The 'point' in DP is a lump (technical term) of San Onofre Breccia, which is harder than the younger Capistrano Formation beside it, and comes to prominence at the point.
According to Caltrans,
The Early-Middle Miocene San Onofre Breccia: [...] great landslides fell down the slopes of a large landmass west of our present coastline. Catalina Island is a remnant of that landmass and cyrstalline Catalina-type rocks were eroded to form the San Onofre Breccia. The breccia formation has been uplifted by faulting and forms the headland of Dana Point. An estimate is that the speed of the landslides must have at times exceeded 100 mph to create such a large boulder breccia. The rocks and minerals include asbestos, serpentine, actinolite, fuchsite, epidote, chlorite, glaucophane, pyrite, magnetite and quartzite.
The Late Miocene to Early Pliocene Capistrano Formation: The marine Capistrano Formation is found in the southern part of the county. It ranges from Late Miocene to Early Pliocene in age and consists of poorly consolidated, fossiliferous, sandy-siltstone and mudstone. Sediment failures have caused extensive landsliding in the San Juan Capistrano and San Clemente areas. Turbidite deposits may be seen in the sea cliffs between Dana Point and San Onofre. Turbidites are deposits of marine sediment formed by undersea mud slides or turbidity currents that dump sediment into graded layers: the larger-sized gravel falls first, followed upward by progressively finder sediment grains. the base of the turbidite is a sharp accumulation of the coarse gravels. The top of a turbidite deposite is often difficult to define because the fine-grained, last to settle sediments, blend with the natural "grain size" of marine sediments.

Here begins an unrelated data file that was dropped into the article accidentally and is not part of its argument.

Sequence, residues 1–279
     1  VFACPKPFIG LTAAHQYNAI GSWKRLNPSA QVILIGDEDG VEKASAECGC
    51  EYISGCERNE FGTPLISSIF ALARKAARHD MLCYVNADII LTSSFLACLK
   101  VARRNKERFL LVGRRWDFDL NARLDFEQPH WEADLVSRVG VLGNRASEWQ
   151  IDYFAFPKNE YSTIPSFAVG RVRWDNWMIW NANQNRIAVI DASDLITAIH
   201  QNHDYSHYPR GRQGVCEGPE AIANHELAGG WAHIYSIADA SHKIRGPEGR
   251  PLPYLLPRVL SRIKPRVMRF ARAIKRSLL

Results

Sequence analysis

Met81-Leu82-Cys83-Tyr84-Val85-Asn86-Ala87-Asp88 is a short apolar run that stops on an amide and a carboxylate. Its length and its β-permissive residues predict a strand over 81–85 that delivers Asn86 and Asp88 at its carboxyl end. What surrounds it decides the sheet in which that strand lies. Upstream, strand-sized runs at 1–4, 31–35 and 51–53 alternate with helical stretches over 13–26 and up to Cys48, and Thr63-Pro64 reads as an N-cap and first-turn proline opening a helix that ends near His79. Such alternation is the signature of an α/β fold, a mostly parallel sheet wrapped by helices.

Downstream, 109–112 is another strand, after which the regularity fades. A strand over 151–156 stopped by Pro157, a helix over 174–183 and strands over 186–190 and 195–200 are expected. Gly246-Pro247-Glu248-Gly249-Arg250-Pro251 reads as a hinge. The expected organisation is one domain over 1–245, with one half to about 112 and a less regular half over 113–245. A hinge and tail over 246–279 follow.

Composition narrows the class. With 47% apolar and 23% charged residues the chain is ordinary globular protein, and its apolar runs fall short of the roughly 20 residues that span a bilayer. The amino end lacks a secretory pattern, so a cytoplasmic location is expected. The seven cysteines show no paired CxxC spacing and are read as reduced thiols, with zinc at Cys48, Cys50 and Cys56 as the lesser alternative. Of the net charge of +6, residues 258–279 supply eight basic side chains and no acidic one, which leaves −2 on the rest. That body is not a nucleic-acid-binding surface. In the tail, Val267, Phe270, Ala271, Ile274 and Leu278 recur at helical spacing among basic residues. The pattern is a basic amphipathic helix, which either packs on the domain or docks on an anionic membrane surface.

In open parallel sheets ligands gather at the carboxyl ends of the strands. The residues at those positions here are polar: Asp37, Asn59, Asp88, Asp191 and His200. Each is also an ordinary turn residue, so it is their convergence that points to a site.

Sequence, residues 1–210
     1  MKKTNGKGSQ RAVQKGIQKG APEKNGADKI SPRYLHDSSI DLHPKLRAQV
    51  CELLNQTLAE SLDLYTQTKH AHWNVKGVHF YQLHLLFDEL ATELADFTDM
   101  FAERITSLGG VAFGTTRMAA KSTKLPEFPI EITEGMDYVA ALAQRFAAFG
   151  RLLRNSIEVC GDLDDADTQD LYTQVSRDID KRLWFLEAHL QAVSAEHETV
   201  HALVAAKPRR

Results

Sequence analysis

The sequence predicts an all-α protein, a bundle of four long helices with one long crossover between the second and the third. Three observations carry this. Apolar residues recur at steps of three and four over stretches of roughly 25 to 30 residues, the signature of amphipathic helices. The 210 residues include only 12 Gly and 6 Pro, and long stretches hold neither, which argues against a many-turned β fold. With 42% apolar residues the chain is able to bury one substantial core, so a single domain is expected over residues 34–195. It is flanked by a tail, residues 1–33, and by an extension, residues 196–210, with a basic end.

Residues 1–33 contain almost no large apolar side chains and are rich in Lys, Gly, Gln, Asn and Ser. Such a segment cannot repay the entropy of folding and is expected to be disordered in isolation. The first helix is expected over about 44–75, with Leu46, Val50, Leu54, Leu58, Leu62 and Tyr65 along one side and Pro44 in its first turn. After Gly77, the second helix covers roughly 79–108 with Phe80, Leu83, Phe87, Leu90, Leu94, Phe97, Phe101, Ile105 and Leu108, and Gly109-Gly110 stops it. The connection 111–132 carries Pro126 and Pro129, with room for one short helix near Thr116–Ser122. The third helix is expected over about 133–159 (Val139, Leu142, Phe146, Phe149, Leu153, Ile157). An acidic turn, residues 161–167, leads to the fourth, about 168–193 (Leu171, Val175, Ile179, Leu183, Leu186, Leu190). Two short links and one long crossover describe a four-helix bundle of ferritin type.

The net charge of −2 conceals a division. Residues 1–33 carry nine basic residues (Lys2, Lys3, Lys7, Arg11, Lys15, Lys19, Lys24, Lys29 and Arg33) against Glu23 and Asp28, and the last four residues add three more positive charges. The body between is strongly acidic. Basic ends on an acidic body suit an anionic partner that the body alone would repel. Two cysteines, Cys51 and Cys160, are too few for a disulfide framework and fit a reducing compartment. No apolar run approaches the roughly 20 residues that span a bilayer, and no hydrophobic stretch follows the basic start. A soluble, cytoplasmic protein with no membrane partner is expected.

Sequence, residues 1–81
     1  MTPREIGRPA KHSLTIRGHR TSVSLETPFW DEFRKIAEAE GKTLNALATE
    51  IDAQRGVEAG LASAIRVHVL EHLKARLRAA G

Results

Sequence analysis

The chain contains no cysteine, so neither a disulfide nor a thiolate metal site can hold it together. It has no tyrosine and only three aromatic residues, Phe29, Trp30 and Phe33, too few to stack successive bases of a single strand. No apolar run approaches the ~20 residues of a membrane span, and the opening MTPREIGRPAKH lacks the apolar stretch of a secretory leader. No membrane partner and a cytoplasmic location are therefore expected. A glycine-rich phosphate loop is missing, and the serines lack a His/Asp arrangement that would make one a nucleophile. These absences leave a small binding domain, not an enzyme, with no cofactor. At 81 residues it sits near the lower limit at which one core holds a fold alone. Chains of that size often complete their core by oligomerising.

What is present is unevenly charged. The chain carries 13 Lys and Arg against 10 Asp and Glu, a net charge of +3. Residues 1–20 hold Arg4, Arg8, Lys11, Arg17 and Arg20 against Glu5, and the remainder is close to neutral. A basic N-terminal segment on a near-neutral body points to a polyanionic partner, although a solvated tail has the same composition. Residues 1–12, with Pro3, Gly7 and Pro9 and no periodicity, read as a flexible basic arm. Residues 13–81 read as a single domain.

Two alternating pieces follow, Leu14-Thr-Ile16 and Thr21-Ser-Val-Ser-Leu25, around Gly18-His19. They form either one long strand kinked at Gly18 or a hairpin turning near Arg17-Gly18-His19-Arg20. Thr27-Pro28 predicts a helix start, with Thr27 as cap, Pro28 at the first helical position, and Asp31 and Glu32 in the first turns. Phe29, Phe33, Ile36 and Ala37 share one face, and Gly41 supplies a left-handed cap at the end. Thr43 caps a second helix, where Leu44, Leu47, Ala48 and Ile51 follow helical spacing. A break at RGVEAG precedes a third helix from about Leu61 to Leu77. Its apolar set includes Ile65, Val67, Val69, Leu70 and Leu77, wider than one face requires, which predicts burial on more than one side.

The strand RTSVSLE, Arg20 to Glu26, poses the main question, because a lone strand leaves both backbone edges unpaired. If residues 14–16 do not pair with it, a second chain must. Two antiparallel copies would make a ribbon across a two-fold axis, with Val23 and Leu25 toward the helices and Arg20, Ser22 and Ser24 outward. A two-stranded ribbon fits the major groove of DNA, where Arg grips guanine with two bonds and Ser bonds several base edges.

Our friend Professor Phil giving a presentation about the
cliff of San Onofre Breccia. (My photo.)
A short walk off to the right of that picture is the junction of the San Onofre Breccia with the Capistrano Formation, and therein lies a tale.
Dana Point is quite lovely, and the locals have always had a fascination with building as close as possible to the edge of the cliffs so the inhabitants can admire the view. More or less concurrently, they've always moved to edge out surfers - who used to love Stillwater Bay and its long pier - in favor of hordes of yacht captains who pay massive berthing fees just to have a boat in the water.
So Dana Point used to look like this:
That picture is from this site, which has great pictures and anecdotes about DP's surfing history.
In the twenties, Sidney Woodruff, developer of Hollywood(land), wanted to build Dana Point Inn on the top of the cliffs just to the right of the picture above. He built concrete arches and some of the superstructure directly on the edge of the cliff, and put in a tunnel (through the soft Capistrano Formation) to the bottom of the cliff as an elevator shaft.
The Depression interfered with his plans, and all that's left of the Inn are the concrete arches, still perched at the edge of the cliff. (Photo above from this page.)
The tunnel ended up being used for bootleg liquor shipped in from Mexico and smuggled to a speakeasy above.